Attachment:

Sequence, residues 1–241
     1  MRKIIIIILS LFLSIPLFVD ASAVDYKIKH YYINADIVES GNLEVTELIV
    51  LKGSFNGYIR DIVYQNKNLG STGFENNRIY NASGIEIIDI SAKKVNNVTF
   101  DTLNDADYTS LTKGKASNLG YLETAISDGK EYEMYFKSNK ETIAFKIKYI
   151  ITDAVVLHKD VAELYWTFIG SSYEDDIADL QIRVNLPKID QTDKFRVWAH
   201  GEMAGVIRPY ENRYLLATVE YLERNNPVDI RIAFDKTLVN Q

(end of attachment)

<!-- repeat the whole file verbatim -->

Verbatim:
Sequence, residues 1–241
     1  MRKIIIIILS LFLSIPLFVD ASAVDYKIKH YYINADIVES GNLEVTELIV
    51  LKGSFNGYIR DIVYQNKNLG STGFENNRIY NASGIEIIDI SAKKVNNVTF
   101  DTLNDADYTS LTKGKASNLG YLETAISDGK EYEMYFKSNK ETIAFKIKYI
   151  ITDAVVLHKD VAELYWTFIG SSYEDDIADL QIRVNLPKID QTDKFRVWAH
   201  GEMAGVIRPY ENRYLLATVE YLERNNPVDI RIAFDKTLVN Q